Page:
Businessman begins private prosecution against Boris Johnson over referendum claim that Britain sends the EU £350m every week which should be spent on NHS
- Marcus Ball, 29, claims Mr Johnson committed misconduct while in public office
- He appeared at Westminster Magistrates’ Court today to start a new private case
- There will be another hearing on May 23 to consider a summons for Mr Johnson
A businessman has begun his private case against Boris Johnson claiming he misled the public with his Brexit vote claim that Britain sends the EU £350m per week.
Marcus Ball, 29, appeared at Westminster Magistrates’ Court this afternoon to start the private case against Mr Johnson for allegedly abusing public trust during the EU referendum campaign.
He alleges that the former foreign secretary committed misconduct in public office by endorsing and making statements which he knew to be false at a time when he was mayor of London and an MP.
Marcus Ball with supporters outside Westminster Magistrates Court in London today, where he has brought a case against Boris Johnson for intentionally misleading the public during the referendum
Marcus Ball (left) with his solicitor Giles Bright (right). He alleges that the former foreign secretary committed misconduct in public office
The allegation relates to the much-trumpeted claim by the Vote Leave campaign that the UK sends £350 million a week to the European Union, which was found to be misleading by the UK Statistics Authority.
Mr Ball, a start-up company entrepreneur from Norfolk, attended today’s private hearing dressed in a smart navy blue suit.
His barristers, Lewis Power QC, Colin Witcher and Anthony Eskander were also present while Adrian Darbishire, QC, attended, representing Mr Johnson.
District Judge Margot Coleman asked for the courtroom to be cleared and said: ‘This is a private hearing, nobody has been arrested, nobody has been charged or nobody has been interviewed.
‘Next week’s hearing would be ordinarily be heard in private as well, but because it is a very usual and exceptional and there is a huge public interest case I have taken the view there should be a public hearing.’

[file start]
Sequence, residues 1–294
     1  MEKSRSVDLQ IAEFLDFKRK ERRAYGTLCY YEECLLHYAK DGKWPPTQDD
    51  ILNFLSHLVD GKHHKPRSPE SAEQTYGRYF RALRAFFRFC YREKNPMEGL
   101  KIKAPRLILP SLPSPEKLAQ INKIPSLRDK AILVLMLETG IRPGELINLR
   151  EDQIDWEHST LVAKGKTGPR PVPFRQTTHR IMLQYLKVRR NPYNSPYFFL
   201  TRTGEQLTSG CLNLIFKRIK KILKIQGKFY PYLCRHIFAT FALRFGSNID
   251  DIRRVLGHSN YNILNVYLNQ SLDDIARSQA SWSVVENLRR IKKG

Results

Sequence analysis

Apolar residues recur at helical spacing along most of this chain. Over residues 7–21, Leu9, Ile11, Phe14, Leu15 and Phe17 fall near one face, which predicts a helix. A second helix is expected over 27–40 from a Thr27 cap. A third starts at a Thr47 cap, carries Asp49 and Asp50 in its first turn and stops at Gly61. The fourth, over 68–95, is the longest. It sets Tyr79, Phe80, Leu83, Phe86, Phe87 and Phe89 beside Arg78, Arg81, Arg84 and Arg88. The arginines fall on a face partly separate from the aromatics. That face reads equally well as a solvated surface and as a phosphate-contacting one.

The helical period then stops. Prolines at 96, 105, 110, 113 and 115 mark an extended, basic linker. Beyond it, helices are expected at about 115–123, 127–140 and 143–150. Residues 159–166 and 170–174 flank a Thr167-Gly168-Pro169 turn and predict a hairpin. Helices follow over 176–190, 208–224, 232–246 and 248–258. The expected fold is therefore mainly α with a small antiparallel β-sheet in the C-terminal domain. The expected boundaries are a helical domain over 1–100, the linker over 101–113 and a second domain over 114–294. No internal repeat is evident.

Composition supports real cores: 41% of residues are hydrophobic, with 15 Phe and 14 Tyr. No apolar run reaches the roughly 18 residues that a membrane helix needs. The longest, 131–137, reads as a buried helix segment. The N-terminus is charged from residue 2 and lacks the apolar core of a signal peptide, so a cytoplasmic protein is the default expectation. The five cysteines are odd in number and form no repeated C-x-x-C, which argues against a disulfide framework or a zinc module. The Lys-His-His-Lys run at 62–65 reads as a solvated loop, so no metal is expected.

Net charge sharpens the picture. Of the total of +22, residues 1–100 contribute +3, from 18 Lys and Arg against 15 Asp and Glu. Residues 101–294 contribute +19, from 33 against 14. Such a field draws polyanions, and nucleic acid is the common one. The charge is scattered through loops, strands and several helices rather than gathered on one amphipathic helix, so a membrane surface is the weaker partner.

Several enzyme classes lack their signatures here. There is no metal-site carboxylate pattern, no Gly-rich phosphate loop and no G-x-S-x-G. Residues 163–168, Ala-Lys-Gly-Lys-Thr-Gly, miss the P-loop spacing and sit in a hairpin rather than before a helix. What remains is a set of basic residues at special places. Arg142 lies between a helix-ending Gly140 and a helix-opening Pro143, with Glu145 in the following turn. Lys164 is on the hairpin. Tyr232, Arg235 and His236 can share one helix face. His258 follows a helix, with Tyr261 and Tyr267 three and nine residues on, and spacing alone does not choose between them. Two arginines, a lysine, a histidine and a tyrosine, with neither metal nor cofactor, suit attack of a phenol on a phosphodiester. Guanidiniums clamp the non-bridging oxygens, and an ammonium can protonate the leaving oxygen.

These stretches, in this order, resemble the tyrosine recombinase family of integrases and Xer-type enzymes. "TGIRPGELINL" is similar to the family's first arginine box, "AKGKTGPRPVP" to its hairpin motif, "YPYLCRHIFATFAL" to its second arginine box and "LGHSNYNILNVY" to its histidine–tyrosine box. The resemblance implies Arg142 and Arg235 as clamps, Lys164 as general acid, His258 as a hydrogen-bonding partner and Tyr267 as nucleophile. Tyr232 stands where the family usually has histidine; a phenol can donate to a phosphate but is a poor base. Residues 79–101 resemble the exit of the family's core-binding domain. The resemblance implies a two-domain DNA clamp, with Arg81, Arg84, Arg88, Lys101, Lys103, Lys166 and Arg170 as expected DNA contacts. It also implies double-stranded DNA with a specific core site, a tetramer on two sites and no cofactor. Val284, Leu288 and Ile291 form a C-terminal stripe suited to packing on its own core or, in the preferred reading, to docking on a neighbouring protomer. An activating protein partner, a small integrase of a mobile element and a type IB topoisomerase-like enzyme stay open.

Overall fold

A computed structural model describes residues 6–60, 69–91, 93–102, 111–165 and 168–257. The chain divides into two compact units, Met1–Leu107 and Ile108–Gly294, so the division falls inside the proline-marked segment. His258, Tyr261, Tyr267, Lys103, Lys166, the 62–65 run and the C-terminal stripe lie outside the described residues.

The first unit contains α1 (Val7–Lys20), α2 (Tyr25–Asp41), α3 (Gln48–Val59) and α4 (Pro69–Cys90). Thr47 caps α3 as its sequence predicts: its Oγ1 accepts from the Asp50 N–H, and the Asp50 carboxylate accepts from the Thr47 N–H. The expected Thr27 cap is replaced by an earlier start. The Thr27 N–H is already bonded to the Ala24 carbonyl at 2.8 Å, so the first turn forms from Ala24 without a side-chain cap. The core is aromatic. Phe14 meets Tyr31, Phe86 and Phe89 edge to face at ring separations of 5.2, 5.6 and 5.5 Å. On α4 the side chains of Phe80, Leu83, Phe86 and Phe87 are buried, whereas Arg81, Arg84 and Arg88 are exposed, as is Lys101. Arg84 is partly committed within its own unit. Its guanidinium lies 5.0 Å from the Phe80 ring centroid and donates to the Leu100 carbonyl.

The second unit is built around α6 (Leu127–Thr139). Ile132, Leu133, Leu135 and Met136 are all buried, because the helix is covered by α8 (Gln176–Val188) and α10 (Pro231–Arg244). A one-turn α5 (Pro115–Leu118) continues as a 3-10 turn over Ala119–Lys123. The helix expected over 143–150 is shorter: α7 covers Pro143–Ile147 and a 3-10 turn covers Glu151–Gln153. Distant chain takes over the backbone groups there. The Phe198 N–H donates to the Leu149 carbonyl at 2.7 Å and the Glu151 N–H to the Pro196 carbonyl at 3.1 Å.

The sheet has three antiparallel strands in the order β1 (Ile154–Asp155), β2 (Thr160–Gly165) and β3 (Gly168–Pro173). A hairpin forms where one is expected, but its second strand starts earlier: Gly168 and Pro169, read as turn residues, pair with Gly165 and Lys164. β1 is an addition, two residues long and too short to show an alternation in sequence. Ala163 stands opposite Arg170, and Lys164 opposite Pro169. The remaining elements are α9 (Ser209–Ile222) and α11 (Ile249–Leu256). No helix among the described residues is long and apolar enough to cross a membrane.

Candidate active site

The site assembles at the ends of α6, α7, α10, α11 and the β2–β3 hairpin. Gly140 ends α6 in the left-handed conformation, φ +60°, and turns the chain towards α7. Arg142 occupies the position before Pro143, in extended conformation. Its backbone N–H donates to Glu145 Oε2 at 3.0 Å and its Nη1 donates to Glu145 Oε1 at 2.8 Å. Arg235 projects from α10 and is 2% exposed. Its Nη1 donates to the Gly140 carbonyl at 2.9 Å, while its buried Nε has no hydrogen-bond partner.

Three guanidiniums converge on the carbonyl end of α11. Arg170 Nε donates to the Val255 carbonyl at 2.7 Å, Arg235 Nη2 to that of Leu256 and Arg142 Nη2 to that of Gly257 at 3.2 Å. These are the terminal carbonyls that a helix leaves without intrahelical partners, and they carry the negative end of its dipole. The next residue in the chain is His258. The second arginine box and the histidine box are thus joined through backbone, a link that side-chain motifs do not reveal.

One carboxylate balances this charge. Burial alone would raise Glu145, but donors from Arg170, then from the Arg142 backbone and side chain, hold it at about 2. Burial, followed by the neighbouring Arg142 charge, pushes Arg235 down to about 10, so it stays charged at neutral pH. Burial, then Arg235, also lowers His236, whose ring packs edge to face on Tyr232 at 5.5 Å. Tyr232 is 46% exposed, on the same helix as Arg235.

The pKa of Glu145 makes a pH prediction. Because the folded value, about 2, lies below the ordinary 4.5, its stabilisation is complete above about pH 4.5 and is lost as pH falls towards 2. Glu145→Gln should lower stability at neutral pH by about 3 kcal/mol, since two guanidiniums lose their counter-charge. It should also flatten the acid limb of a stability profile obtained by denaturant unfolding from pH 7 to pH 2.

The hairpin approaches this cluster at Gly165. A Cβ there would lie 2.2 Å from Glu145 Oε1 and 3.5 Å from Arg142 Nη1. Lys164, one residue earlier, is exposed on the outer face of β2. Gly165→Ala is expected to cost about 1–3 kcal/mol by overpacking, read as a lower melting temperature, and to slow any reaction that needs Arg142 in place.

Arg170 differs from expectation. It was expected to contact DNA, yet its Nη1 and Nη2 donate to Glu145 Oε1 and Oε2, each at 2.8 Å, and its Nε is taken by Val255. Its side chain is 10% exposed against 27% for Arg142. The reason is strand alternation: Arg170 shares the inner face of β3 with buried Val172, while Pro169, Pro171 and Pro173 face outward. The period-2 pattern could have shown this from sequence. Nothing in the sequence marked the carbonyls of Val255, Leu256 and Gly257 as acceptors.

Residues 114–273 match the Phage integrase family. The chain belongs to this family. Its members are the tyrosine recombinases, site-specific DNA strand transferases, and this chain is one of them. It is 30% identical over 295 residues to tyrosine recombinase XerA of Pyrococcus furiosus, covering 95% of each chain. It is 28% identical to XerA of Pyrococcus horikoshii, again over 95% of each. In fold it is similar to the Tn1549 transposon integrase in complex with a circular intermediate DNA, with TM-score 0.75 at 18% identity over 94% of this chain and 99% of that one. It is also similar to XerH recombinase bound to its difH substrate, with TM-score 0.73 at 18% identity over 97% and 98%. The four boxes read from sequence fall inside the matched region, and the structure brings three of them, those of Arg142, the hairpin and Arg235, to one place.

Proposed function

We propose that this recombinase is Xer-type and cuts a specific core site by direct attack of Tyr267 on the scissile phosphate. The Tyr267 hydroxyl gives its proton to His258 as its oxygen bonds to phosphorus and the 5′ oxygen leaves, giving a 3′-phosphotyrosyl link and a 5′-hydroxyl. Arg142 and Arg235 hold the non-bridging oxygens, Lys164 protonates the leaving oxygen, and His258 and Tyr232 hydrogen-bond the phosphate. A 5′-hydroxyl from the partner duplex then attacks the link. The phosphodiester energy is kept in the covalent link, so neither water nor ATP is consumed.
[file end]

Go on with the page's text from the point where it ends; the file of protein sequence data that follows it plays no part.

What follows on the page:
Mr Ball claims Mr Johnson endorsed and made statements which he knew to be false at a time when he was mayor of London and an MP
Mr Johnson was a key player in the Vote Leave campaign. He is pictured next to a bus claiming Britain sends the EU £350 million a week
Speaking after the hearing, Giles Bright, Mr Ball’s solicitor, said: ‘The court has determined that a public hearing will take place on Thursday May 23 at this court.
‘At this the judge will consider the application to issue a summons against the proposed defendant, Mr Boris Johnson MP, for the offence of misconduct in a public office.’
While Mr Ball said after the hearing: ‘We wish to stress again Mr Johnson has not been charged of any criminal offence and is at all times innocent until proven otherwise.
‘We will respectfully ask that all those reporting and those supporting to respect the formality of the court.’
Speaking before the hearing, he had said: ‘This is a purely legal case, it is not about political point-scoring. And we must remember he is innocent until proven guilty.’
There will be another hearing on May 23 to determine whether the case will go ahead, Mr Ball said today
In a tweet posted to his 13,000 followers before he headed into court, Mr Ball said: ‘Today is the first day, after almost 3 years of work, that our prosecution case against Mr Johnson MP is being heard in court.’
More than 30 supporters gathered outside the court while Mr Ball’s case was heard.
They were joined for a brief moment by self-styled Boris Johnson lookalike Drew Galdron – but the 35-year-old left a short time later after Mr Ball’s supporters said the ‘stunt would muddy the waters’ and distract attention from their cause.
Before the hearing, Mr Ball said: ‘This case is a world first, it has never happened before. A member of Parliament has never been prosecuted for misconduct in public office based upon alleged lying to the public.
‘My backers and I aspire to set a precedent in the UK common law making it illegal for an elected representative to lie to the public about financial matters.’
Mr Ball previously said he raised more than £370,000 across several crowdfunding campaigns to finance the case, but he declined to provide an update outside court.
There will be another hearing on May 23 to determine whether the case will go ahead.
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